by Mike Ferguson
(St. Charles, MO) – It’s among the most common New Year’s resolutions and it’s among the most broken promises we make to ourselves: managing our personal finances better.
On the new “Missouri Viewpoints”, Vantage Credit Union’s Rachel Parrent offers advice on taking control of your finances. She sees a pattern with her clients and understands why so many Missourians struggle to get ahead when it comes to managing money. To Parrent, the obstacles are sometimes a matter of mindset.
“It’s [money] is such a hard thing to get a hold of. It’s very easy to let go of but it’s very hard to get. So, I think the challenge for people is learning how to control what they have instead of worrying about ‘how much more can I achieve and how much more can I receive from my job or from other jobs, odd jobs, how can I control what I already have’. I think a lot of us want to live in denial.”
Step One to get passed that problem is to do an honest assessment of your personal finances. That means looking at, among other things, income, expenses and debt. Resources to help are available from fee-based financial planners and are often available at banks and credit unions.
Another part of that honest assessment, Parrent says, is deciding what you want to accomplish financially.
“I think the first place you need to start is figuring out what’s important to you.”
Whether decreasing debt and/or increasing savings are the main goal, or buying a new home or starting a business, understanding priorities has to come first.
“Where do you really want to be? Then you have to evaluate ‘what are was actually doing with our money and how can we possibly change our habits a little bit or modify things here and there to make this goal or this dream a reality’?”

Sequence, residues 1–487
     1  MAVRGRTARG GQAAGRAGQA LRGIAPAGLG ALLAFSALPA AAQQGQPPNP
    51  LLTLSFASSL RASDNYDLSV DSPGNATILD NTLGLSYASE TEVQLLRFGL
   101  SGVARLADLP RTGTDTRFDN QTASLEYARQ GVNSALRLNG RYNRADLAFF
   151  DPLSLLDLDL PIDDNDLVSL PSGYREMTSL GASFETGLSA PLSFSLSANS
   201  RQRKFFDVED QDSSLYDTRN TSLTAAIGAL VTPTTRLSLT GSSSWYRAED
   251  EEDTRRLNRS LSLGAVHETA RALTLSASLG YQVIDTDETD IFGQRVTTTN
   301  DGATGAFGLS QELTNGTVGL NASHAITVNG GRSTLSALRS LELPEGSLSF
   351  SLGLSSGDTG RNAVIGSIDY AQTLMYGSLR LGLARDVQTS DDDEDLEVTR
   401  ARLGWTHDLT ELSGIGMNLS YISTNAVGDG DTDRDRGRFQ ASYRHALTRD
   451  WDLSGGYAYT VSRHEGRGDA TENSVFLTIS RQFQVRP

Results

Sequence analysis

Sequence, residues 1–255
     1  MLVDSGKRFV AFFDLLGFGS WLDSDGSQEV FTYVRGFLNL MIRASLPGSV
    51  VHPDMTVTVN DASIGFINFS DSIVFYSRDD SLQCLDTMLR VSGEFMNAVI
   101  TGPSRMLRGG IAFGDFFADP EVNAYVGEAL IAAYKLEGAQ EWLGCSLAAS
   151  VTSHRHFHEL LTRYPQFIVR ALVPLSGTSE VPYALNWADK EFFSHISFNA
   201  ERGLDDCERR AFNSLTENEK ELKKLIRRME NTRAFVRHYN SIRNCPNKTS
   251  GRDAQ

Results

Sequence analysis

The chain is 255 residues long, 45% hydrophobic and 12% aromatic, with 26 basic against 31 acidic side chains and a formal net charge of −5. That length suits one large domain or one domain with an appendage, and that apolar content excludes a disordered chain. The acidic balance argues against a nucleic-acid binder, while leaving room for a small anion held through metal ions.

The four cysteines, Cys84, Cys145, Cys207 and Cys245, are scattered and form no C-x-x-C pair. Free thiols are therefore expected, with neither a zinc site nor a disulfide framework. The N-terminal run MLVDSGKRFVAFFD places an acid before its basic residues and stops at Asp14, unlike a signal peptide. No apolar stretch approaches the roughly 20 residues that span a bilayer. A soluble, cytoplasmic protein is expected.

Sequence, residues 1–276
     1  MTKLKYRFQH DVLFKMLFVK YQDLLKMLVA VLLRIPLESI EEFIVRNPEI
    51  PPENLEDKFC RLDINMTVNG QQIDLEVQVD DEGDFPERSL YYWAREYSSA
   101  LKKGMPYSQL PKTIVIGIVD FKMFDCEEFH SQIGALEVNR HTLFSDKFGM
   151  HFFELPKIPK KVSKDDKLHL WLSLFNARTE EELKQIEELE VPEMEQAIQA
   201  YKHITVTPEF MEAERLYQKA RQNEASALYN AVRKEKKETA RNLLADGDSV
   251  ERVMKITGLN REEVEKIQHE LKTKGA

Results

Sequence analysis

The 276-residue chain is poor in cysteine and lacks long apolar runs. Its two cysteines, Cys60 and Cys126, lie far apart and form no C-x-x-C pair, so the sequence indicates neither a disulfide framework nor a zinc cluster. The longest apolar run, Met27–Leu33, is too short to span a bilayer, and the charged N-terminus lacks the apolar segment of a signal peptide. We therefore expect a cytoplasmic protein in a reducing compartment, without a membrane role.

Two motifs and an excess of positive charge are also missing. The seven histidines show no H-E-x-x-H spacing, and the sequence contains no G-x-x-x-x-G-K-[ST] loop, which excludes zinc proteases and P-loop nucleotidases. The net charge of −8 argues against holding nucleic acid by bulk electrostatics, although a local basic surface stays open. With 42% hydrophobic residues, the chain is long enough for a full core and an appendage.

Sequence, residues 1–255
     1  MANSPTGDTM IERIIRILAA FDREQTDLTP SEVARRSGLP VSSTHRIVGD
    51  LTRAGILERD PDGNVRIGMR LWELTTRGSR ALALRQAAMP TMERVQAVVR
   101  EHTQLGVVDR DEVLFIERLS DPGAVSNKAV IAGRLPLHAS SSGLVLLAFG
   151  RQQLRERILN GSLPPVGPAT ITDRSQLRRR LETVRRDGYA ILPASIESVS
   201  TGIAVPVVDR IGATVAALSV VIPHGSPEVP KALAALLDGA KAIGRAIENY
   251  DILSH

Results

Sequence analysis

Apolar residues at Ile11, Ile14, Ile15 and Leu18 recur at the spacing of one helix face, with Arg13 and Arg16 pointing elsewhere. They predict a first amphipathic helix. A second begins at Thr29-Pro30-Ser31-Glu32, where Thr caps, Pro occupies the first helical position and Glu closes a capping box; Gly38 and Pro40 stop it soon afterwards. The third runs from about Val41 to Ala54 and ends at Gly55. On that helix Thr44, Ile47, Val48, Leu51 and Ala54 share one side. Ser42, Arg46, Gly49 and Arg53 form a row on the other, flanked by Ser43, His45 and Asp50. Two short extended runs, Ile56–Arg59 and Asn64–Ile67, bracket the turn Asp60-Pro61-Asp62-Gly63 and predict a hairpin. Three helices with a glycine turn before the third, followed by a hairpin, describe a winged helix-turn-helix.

Parrent knows that’s easier said than done. That’s why she recommends connecting with experts or at least looking for tolls to help. She says many worksheets and guides are available online through websites such as SmartAboutMoney.org and others.
While assessing and making a financial plan, Parrent says to keep your eyes on the monetary prize. That means remembering the goal you set once you determined your financial priorities. Doing that could make taking even uncomfortable financial steps easier.
Some studies show that 15% to 20% of Americans’ take home pay goes to impulse purchases: items we don’t need, items we didn’t plan to buy and sometimes items we don’t even remember purchasing at the end of the day.
That could be a candy bar at the grocery store checkout, an unplanned detour through the fast food drive through, a $5.00 cup of name brand coffee instead of brewing your own at home or nearly-countless other mini money traps.
On a bigger scale, the new year is a good time to evaluate other, bigger drains on your money. This includes where you use an ATM, as using ones outside of your bank or credit union’s network can cost you a few dollars per transaction. Also, Parrent recommends reevaluating your insurance coverage to make sure you have the right amount and that you are getting the best premium rates.
Another way to keep up the resolution after you assess your finances and set those priorities is to set short term goals. Parrent explains that because it’s easy to get discouraged when reaching for a large, long-term financial goal, smaller goals can provide reassurance.
That could mean setting a goal to have $100 in savings by the end of the month as part of your goal to have three months’ expenses in savings by the end of the year. Reaching the short term goal by the end of the month provides some confidence in your ability to reach the goal.
While getting started is sometimes the hardest part, Parrent says planning shouldn’t be a one-time endeavor. Reviewing your financial plan regularly is the best way to manage your finances. She recommends reviewing your money and goals every month.
She knows adding financial review and management to your personal to-do list may not be easy, but Parrent says it’s worth it in the long run.
“Anything that’s worth it is going to take work.”
On the web:
Missouri Credit Union Association: https://www.mcua.org/
Vantage Credit Union: http://www.vcu.com/